Monday, November 24, 2014

Portsmouth, NH

I wanted to go to Portsmouth because I'd once heard it compared to New London. (See also: New Bedford, Newburyport.)

I said that to a friend of mine who'd been to Portsmouth a few times and she replied "Portsmouth is New London if New London got its [expletive deleted] together."

In fact, the comparison I was thinking of had not been intended to imply the two cities were exactly alike (although they both have submarines, Wyland whale murals, history, and numerous coffee shops.) It was only a reference to some specific improvement that Portsmouth had made to its waterfront or traffic patterns or zoning laws which the speaker, an expert in city planning, thought New London would do well to emulate.

Now that I've been to Portsmouth, I can say that it is not like New London. Yes, both are walkable old seaport cities with interesting architecture and many restaurants. But New London is decidedly eclectic, multicultural, and, though I think I might hate this word, gritty. Portsmouth, at least when I was there, seems to be populated almost entirely by catalog-attractive affluent white people wearing Lululemon. (And I don't think anyone who loves New London, as I do, would wish that fate upon it.) New London is also much smaller, with a larger population.

City planning ideas aside, the only important thing the two places have in common is they should both be included on all must-visit lists of New England.

Seriously, if you've never been to Portsmouth, just go. It's the sort of town you'll want to return to before you've even left. And you might want to convince someone else to come with you. That way, when you point at a perfect brick building or some adorable item in one of the multitude of little shops downtown and say "Look at thaaaaat!" you'll appear less crazy.

I was only in Portsmouth briefly, but here are some first impression suggestions.


Pickwicks Mercantile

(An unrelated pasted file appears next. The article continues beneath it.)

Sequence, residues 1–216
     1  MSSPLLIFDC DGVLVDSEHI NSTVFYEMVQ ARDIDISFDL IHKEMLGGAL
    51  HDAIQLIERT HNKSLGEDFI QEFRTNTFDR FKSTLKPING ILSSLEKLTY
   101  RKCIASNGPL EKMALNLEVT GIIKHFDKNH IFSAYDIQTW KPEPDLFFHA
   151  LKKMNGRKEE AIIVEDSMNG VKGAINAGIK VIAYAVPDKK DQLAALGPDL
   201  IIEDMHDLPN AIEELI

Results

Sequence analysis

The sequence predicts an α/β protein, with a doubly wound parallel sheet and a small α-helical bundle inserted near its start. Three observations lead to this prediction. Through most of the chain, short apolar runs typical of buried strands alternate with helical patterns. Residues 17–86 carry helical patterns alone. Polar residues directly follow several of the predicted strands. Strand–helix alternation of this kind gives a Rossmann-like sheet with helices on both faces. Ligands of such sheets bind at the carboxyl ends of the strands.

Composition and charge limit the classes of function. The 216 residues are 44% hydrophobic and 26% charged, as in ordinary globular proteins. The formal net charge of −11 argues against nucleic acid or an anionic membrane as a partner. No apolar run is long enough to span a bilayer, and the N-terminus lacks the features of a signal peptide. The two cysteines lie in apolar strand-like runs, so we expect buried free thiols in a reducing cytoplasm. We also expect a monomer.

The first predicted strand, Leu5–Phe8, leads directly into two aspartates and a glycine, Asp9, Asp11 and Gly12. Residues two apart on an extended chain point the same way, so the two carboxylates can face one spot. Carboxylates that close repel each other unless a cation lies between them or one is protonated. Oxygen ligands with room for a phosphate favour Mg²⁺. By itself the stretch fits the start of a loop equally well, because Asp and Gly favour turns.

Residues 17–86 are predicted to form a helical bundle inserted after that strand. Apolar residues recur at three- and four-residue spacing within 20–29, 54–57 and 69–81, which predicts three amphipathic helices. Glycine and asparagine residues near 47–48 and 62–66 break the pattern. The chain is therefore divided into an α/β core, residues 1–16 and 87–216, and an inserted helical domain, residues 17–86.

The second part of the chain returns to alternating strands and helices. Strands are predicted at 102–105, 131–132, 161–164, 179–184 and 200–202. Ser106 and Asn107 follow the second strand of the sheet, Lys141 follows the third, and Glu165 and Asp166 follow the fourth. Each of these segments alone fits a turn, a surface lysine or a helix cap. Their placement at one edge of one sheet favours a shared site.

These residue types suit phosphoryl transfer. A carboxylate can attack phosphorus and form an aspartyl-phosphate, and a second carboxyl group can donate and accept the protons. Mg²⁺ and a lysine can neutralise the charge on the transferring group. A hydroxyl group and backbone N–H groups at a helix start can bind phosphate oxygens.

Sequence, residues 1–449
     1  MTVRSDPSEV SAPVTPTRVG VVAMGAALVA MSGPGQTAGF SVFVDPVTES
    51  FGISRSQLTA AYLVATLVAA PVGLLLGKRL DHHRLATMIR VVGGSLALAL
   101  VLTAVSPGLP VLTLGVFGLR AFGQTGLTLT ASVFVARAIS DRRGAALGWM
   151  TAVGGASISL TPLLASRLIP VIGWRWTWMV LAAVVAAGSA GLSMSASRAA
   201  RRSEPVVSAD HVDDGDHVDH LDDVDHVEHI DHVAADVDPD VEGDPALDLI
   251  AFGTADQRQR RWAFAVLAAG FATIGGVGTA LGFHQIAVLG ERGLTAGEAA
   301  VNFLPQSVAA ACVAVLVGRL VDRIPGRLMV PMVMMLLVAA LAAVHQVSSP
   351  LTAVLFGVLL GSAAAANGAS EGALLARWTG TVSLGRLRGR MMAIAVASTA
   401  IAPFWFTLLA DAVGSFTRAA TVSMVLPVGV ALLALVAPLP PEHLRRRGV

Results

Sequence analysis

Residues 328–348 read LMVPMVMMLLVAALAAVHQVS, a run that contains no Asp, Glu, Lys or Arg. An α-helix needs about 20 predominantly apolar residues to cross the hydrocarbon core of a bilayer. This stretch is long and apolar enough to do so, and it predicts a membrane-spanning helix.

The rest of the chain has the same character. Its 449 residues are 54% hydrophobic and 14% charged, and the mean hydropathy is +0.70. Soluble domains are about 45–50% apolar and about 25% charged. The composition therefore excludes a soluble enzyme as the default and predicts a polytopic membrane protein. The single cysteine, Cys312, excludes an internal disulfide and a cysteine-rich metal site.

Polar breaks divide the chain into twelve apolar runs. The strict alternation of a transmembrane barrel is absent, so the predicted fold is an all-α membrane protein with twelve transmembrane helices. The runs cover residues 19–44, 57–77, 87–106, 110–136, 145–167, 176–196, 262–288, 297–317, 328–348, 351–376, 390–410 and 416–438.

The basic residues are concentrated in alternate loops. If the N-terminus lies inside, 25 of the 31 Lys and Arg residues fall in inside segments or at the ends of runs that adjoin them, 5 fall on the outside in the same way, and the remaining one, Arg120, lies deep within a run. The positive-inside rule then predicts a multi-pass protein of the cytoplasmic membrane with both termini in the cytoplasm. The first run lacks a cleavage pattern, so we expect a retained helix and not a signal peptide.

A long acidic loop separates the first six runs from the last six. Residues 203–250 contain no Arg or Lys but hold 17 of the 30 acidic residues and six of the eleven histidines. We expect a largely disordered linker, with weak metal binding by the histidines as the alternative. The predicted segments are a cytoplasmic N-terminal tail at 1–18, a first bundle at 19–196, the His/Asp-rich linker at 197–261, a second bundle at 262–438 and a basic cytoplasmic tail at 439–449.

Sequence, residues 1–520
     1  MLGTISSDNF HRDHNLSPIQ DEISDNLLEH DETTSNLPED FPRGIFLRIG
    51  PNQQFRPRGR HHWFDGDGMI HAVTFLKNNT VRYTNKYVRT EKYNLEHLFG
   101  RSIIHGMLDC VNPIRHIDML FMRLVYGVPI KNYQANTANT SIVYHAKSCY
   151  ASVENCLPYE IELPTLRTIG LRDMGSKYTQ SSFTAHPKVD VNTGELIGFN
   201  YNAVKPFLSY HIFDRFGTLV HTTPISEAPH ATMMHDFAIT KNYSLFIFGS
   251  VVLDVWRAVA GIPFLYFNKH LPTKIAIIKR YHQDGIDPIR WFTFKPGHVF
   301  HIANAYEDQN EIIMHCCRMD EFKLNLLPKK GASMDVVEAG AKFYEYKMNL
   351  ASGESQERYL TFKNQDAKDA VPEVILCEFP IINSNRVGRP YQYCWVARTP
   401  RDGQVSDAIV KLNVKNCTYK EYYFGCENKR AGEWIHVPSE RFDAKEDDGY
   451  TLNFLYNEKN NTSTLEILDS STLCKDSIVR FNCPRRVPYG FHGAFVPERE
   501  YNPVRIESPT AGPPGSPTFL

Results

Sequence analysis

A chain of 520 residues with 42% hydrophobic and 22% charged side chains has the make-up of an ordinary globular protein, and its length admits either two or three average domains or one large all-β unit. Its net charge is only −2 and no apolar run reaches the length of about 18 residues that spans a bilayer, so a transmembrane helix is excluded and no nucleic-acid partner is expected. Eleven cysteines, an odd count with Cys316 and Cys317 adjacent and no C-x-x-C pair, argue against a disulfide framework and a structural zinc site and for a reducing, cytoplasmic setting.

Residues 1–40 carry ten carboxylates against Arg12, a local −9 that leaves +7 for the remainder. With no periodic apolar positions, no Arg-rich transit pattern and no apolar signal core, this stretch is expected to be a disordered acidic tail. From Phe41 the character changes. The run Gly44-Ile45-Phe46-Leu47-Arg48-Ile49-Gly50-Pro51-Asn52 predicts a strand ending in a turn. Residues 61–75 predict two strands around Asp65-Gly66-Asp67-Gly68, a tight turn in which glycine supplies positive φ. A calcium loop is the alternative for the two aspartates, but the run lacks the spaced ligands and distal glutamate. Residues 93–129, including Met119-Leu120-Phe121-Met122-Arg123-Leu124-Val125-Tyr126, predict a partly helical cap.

Scallops Mineral & Shell Emporium
Sheafe Street Books
Riverrun Books
Portsmouth Book & Bar

To see:

Wyland Mural (Off Vaughan Mall)
Oracle House (One of the oldest houses in New England, Marcy Street and Court Street)
Temple Israel (New Hampshire's first permanent synagogue, 200 State Street)
Portsmouth Atheneum (9 Market Square)
Prescott Park (Marcy Street)
Commercial Alley (Between Market and Penhallow Streets)

What I'd do next time:

Strawbery Banke Museum
Fort Constitution and Portsmouth Harbor Lighthouse, New Castle

1 comment:

  1. I became stranded in Portsmouth years ago when my car broke down there late one winter night, necessitating spending several chilly hours in a sleeping bag. Early the next morning, I stumbled into the Breaking New Grounds coffee shop (which still exists, but in a different, larger space) first thing to warm up and was swept up in a wave of kindness. The staff and their friends drew my predicament out of me in conversation after I handed over my iced travel mug for refill. They saw to it that I had a warm place to stay the next night and the advice of their mechanic friend to enable me to fix the car in a parking lot. To this day, it remains my go-to reminder and standard of kindness to strangers. It's still a fine place to visit.



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